Knowing him, always being actively involved in many of the currently discussed electrophysiology topics even up to the last moments of his active scientific life, it is hard to comprehend that he is no any longer with us, to advise and stimulate his colleagues and friends to promote modern medicine. The scientific career of Arthur J. Moss is amazing. He received a bachelor’s degree at Yale University in 1953; thereafter, he attended Harvard Medical School and achieved his medical degree in 1957. He started a residency programme at Massachusetts General Hospital, which was interrupted after 1 year when he was drafted into military service with the US Navy, where he participated at the US astronaut program. After his military term in 1960, he returned to finish residency at Rochester University Medical Center (URMC) in Rochester, NY, USA and completed Internal Medicine and Cardiology training also at URMC in Rochester, NY, USA in 1965. He joined the medical faculty of URMC in 1966, and a few years later became Professor of Medicine at URMC and stayed there until the end of his clinical career, taking care of patients in private practice in Rochester while remaining a full member of the Medical Faculty with teaching and training commitments for medical students and trainees. But most importantly, he continued with multiple research projects at the Heart Research Follow-up Program at URMC founded by himself in 1970. The areas of clinical science and their impact on medical progress in the field of cardiology Arthur Moss has contributed to are astonishing. Among the multiple projects, he has initiated, worked on, and published, two need to be especially emphasized. In 1973, he strongly opposed Dr Bernard Lown, Editor-in-Chief of Circulation, by defending Dr Michel Mirowski’s first published idea of an implantable defibrillator to prevent sudden arrhythmic death.1 Lown had built the external defibrillator device a few years before and condemned the idea of an implantable defibrillator, calling it ‘a bomb in the body’. Fortunately, he was wrong, but this discussion brought about the first meeting of Arthur with Dr Mirowski and Dr Morton Mower in Baltimore shortly thereafter. This was the beginning of a long friendship between the three innovators of modern cardiology and the birth of implantable defibrillator therapy, although it took another 7 years until its first implantation in humans. In 1990, the history of the legendary Multicenter Automatic Defibrillator Implantation Trial (MADIT) started; all are linked to Arthur Moss, were all published in the New England Journal of Medicine, and each trial’s outcomes advanced the therapy with the ICD. Results of the MADIT-I trial were published in 1996,2 showing that patients after myocardial infarction with reduced left ventricular ejection fraction (LVEF ≤35%) who had shown non-sustained ventricular tachycardia, were inducible but not suppressible with an i.v.-administered antiarrhythmic drug, have significantly lower overall mortality with ICD therapy, thereby forecasting the end of widely used programmable ventricular stimulation (PVS) to guide antiarrhythmic therapy for ventricular tachyarrhythmias. MADIT-II, published in 2002, conclusively established the value of ICD implantation for primary prevention of sudden cardiac death in patients with severely reduced left ventricular function (LVEF ≤ 30%) after myocardial infarction. MADIT-CRT, published in 2009, demonstrated the benefit of cardiac resynchronization therapy (CRT) when applied to patients with mild heart failure in subjects with both ischaemic- and non-ischaemic cardiomyopathy. Long-term results of this landmark trial were confirmed in 2014. The advantage of sophisticated ICD programming, suspected to favour inappropriate therapy delivery, was challenged with the MADIT-RIT trial, published in 2012, and revealed that less aggressive and more delayed ICD intervention is superior to immediate delivery of anti-tachycardia pacing (ATP) or shock delivery and will reduce the incidence of inappropriate or unnecessary ICD intervention. All MADIT trials were followed—and will continue to be followed—by multiple sub-studies supporting the messages from the main trials. It seems legitimate to say that all MADIT studies and their sub-studies bear the signature and spirit of Arthur Moss. They had significant impact on guidelines for the treatment of life-threatening ventricular arrhythmias and prevention of sudden cardiac death. It is sad to realize that Arthur will not have the opportunity to await the outcome of the recently launched MADIT-S-ICD trial, also encouraged and designed by him together with many of his long-time colleagues and friends, to prove the benefit of the subcutaneous-ICD (S-ICD) in elderly patients with diabetes, coronary artery disease, and moderately reduced ventricular function. The second area of cardiac electrophysiology Arthur Moss is irrevocably attached to is the genetic Long QT-Syndrome (LQT) arrhythmia. In 1971, he was the first to use unilateral cervical-thoracic sympathetic ganglionectomy for a 40-year-old female patient—now 88 years old—with a typical LQT-Syndrome.3 This intervention had already been used 50 years earlier to reduce angina pectoris in coronary patients. Two years later, Dr Peter Schwartz from Milan, Italy, successfully performed left sided cardiac sympathetic denervation in a 9-year-old girl with LQT-Syndrome. Since 1972, Dr Schwartz had already started to assemble patient data with LQT-Syndrome from clinicians all over the world. Fortunately, Schwartz and Moss met first in 1975, and in 1977 they decided to establish together a prospective international registry on patients with LQT-Syndrome. This registry was founded in 1979 by means of a National Institute of Health Grant and was set up in the University of Rochester where Arthur Moss had already established the Heart Research Follow-up Program, a Center for national and international studies, closely connected to URMC. The first report of data from this important International LQT-Syndrome Registry appeared in 1985; in 1991 clinical- and genotyped data of 1016 patients from 328 LQT-Syndrome affected families were published by Arthur and Peter. A 25-year anniversary report of this Registry was published in 2005.4 The registry continued to collect data, particularly gathering results from genetic analyses, under the supervision of Dr Moss and Dr Wojciech Zareba until the present-day and will hopefully continue to be funded in the future. Without Arthur Moss’ and Peter Schwartz’ joint effort to gather data from genotyped subjects with mutations in the ion channel genes, research on genotype–phenotype relationship, epidemiologic data, risk factors, and treatment results during the last 25 years, our understanding of this inherited arrhythmia syndrome would be scarce. In the meantime, more than 30 publications on results from the registry originating from younger as well as advanced scientists were published, all mentored by Dr Moss. It is important to mention that there is continued cooperation with the research institute of Dr Schwartz, revealing an important characteristic of Arthur Moss, the willingness, friendship, and openness for international collaboration with numerous clinicians and scientists. However, it would be incomplete not to mention so many other fields of clinical electrophysiology Dr Arthur Moss was involved in or added significant knowledge to. In 1968, he reported on left atrial pacing via the coronary sinus and the vein of Marshall.5 Ten years later he reported on the 5-year long-term results of left atrial pacing with 76% effective pacing for sinus bradycardia and sick sinus syndrome.6 In the early 1980s, he became interested in post-infarction risk stratification for ventricular tachyarrhythmias and sudden cardiac death and co-operated later with Dr Tom J. Bigger, the investigator of the CABG-Patch Trial, who very sadly also passed away recently.7 Arthur Moss formed the Multicenter Diltiazem Post Infarction Research Group and investigated the effect of Diltiazem, a new Ca-Antagonist at this time, on post-infarction mortality.8 Later in 1994, the same group of well-known researchers formed the Multicenter Myocardial ischaemia Research Group which was involved in numerous studies on post-infarction arrhythmias and defibrillator therapy. He studied many aspects of electro cardiology, effects of antiarrhythmic drugs on cardiac repolarization; he already suspected the negative effect of digitalis after myocardial infarction, participated in studies that investigated the effect of dangerous QT prolongation of non-antiarrhythmic drugs, and became involved in studies of the arrhythmogenic right ventricular cardiomyopathy (ARVD). In the early 2000s, Arthur Moss and his Heart Research Follow-up Group started to evaluate the value of the Wearable Cardioverter-Defibrillator (WCD) for risk stratification in patients assumed to carry a high risk of sudden arrhythmic death prior to potential ICD implantation. The WCD was designed and built by Dr Steve Heilman, the engineer who helped Dr Michel Mirowski to develop the implantable defibrillator. Dr Moss was co-investigator of the WEARIT/BIROAD study that led to FDA approval of the WCD.9 Later, his group organized the prospective WEARIT-II Registry in the USA, the data of which were published 2 years ago by Dr Kutyifa, who joined the Heart Research follow-up group a few years ago.10 From the very beginning of the Heart Research Follow-up Program of URMC until the present-day, Dr Moss and his research group has successfully performed 37 large multicentre trials and studies, has set up an excellent clinical research organization for all study administration issues and installed large electronic data banks with an excellent statistician back-up team. Dr Moss’ publication record goes beyond 750 peer reviewed manuscripts, and few scientists have published more manuscripts in the New England Journal of Medicine than he has. He founded and was the Editor-in-Chief for ‘Annals of Noninvasive Electrocardiology’, was a member of the Editorial Board for many highly ranked medical journals and participated in many guideline committees. He received multiple distinguished awards, including the Distinguished Scientist (2011) and Pioneer in Cardiac Pacing and Electrophysiology (2017) Awards from the Heart Rhythm Society (HRS); 4 months prior to his death he received the James. B. Herrick Award of the American Heart Association. Arthur Moss was an excellent, well respected clinician, much beloved by his patients. Dr Eric Topol, at the Scripps Clinic in La Jolla, CA, USA said in a 2013 video tribute to Dr Moss, ‘He has probably done more to advance our understanding of heart rhythm disorders than any cardiologist or researcher in the world’. He is a worldwide respected and honoured scientist, a visionary, a wonderful teacher and mentor to his students, and is highly regarded by all his colleagues. To many of us he is a dear friend, humble, full of humour, wisdom, and compassion. The era of Dr Arthur J. Moss came to an end, but his spirit and accomplishments will remain and will direct the current and future generation of clinicians and scientists. He is survived by his wonderful wife Joy and his three children; two are Professors in Psychiatry and Paediatrics, Katherine in Tel Aviv and Deborah in Pittsburgh, and David is Professor at the Harvard Business School. Personal tributes to Arthur Jay Moss Arthur Moss had a wonderful sense of humour, combined with honesty. To his numerous friends, he often told us how he became a ‘space pioneer’ after being drafted into the military in 1959, when just an Intern in Hematology at MGH in Boston. With almost no knowledge about ECG or cardiovascular medicine, he had to teach ECG reading to Navy officers; then being considered a specialist in cardiology he was assigned to the Navy astronaut space program and had to work on a mission sending squirrel monkeys into space 300 miles high with a Jupiter rocket. The first two little monkeys were supposed to be a monkey couple, a male monkey named ‘Baker’ and female monkey called ‘Able’. After the first successful space mission, medical examination of the two ‘astronauts’ revealed that Mr Baker was not a male monkey but a young female. Smiling, Arthur told us that the lay press never learned about the ‘gender mismatch’ of the first monkey space flight. Arthur was a superb diplomatic role model. When he had a new, revolutionary idea for new trials or foresaw scientific questions that needed to be answered, he gathered well-known scientists and clinicians for a 2-day meeting over the weekend. Everyone came to the meeting with totally different ideas and opinions. The first day every member of the group had the opportunity to present proposals, ideas, or solutions to the problem. At the end of the day, we always felt that it would be impossible to come to an agreement. Overnight, Arthur digested the various concepts and proposals, and the next morning he presented a joint study concept everybody was happy with and felt well accepted and represented. This was the way all MADIT trials were born. Arthur’s greatest disappointment during his last years came about when we started to design the MADIT-RIT trial to find better ways for ICD programming to reduce inappropriate ICD interventions. His idea was to bring all ICD manufacturers together to participate and support the trial that would potentially bring great benefit to all ICD patients, but would not discriminate individual ICD manufacturers. However, after we had a long meeting with all ICD manufacturers together, chaired by Arthur Moss, they refused to co-operate with threadbare arguments. For the first time, we felt the great disappointment of Arthur at not being able to bring the medical device industry together. Fortunately, we were able to receive grant support from one ICD company Arthur had always successfully worked with. Conflict of interest: none declared. References References are available as supplementary material at European Heart Journal online. Published by Oxford University Press on behalf of the European Society of Cardiology 2018. This article is published and distributed under the terms of the Oxford University Press, Standard Journals Publication Model (https://academic.oup.com/journals/pages/about_us/legal/notices)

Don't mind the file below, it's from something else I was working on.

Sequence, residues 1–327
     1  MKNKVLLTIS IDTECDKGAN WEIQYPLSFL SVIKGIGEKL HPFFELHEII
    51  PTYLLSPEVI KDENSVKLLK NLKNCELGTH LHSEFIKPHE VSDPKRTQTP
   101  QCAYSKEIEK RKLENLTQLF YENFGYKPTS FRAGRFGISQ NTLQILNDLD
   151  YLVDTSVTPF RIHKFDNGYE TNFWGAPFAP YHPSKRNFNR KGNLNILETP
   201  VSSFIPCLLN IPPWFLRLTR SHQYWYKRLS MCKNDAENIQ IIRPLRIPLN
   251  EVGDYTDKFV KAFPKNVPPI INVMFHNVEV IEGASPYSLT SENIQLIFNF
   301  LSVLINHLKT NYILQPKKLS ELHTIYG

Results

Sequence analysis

Journal

European Heart JournalOxford University Press

Published: May 31, 2018